Classical Academies charter schools (Escondido) has announced that it will fully reopen with in-person instruction at the start of the spring semester on January 19. All employees will be required to return to all campuses for in-person instruction, Tuesday through Thursday, according to Cameron Curry, Classical Academies CEO.
The announcement was made to teachers by Curry via YouTube video this past Monday, since deleted. In the video – titled “The Elephant in the Room” — Curry said that any teachers concerned with returning to in-person instruction should “reach out” to the human resources department concerning their employment.
The announcement prompted a variety of questions from the system’s teachers, but Curry said there was no attempt to “threaten” loss of employment. He noted the current general atmosphere of anxiety and misinformation, and that the intent was to encourage “private discussion” concerning a teacher’s individual circumstances.
In an email to the system’s teachers to address their concerns, Melissa Morey, chief human resources officer, states that “reaching out” to HR does not constitute a teacher’s decision to leave their employment.
She writes, “No! We know you need a place to share concerns and ask questions. We will not jump to any conclusions or push you in a particular direction.”
She goes on to address some of the questions that have been raised:
• Those with a medical condition and asking for “an accommodation . . . will need to provide us a doctor’s note that specifies your medical disability and the accommodation requested.”
• Those who are caretakers of someone in poor health “likely will not qualify for an accommodation, [but] may qualify for leave under FMLA [Federal and Medical Leave Act]. We’re happy to help you understand your options specific to your unique situation.”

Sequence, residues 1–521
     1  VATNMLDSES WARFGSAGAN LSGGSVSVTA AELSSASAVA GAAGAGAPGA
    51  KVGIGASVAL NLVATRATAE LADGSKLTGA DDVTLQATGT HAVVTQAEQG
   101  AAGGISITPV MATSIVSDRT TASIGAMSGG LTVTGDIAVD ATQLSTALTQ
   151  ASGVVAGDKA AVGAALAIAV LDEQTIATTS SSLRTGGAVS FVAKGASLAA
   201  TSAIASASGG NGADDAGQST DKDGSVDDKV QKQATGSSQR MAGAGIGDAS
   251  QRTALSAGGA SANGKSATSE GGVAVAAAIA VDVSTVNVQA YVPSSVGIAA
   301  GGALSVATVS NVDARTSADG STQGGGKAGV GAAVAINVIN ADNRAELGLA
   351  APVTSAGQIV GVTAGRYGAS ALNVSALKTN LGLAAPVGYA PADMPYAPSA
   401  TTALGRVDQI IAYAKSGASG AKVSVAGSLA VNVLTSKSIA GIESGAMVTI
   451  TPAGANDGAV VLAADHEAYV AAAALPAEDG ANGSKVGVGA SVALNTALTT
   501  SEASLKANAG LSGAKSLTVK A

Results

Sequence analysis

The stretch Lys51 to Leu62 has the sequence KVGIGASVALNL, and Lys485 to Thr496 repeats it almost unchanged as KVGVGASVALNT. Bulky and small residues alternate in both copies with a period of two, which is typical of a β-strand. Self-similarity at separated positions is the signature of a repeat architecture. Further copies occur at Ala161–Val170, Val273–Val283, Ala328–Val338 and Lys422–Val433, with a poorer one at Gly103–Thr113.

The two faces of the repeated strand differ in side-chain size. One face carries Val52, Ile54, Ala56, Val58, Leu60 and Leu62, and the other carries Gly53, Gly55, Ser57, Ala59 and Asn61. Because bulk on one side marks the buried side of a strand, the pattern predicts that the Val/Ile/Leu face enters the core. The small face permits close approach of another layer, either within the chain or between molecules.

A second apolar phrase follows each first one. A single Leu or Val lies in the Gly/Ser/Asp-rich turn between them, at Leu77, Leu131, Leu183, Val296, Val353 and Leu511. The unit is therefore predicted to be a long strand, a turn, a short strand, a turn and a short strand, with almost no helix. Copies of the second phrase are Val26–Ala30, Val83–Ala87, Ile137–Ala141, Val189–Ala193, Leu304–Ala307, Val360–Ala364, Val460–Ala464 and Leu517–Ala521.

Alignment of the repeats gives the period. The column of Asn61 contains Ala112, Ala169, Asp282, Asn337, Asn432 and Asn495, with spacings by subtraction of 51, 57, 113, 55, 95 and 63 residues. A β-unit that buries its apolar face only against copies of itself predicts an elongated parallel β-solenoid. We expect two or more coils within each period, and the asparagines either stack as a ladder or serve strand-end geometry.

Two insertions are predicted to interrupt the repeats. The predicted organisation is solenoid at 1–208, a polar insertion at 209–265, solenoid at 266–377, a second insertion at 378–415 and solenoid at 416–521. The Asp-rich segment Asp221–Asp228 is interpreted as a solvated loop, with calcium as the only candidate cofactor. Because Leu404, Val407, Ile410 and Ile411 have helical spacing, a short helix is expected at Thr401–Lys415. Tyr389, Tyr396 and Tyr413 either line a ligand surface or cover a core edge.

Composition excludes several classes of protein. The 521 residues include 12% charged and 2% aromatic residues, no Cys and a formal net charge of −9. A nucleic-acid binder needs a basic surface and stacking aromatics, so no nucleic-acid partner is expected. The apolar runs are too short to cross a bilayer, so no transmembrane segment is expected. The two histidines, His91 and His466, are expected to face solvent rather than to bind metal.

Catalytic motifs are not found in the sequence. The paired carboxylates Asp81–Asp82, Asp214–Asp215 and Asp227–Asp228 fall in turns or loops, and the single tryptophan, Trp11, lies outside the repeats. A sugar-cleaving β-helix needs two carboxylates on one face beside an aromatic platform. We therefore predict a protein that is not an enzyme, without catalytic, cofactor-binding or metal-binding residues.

• For those “uncomfortable or scared to come back,” their concerns, she writes, will be presented to the leadership team. But she adds: “However, what we want to make transparent is that we will no longer be able to extend the flexibility of the last 10 months. The expectation is that you will return to your worksite as we bring back more students.”
Curry told The Times-Advocate that because Classical Academies has offered some in-class instruction since March it is in conformance with the state’s Regional Stay at Home Order: that schools previously operating as open can remain open. He added that the school’s campuses are using the basic masking, social distancing and other protocols recommended for health and safety.
Commenting on news reports concerning a pattern of lower grades nationally, Curry said the impression from teachers and principals is that Classical Academies students are doing very well. He added that he expects to receive a student grades report on February 1 and provide a summary of those results.
Classical Academies is one of three San Diego charter schools that has filed a class action lawsuit concerning claims of denied state funding. Along with Springs Charter Schools (Vista) and The Learning Choice Academy (San Diego) Classical Academies is seeking from the state what it called the “constitutionally required”financing (Times-Advocate, October 1).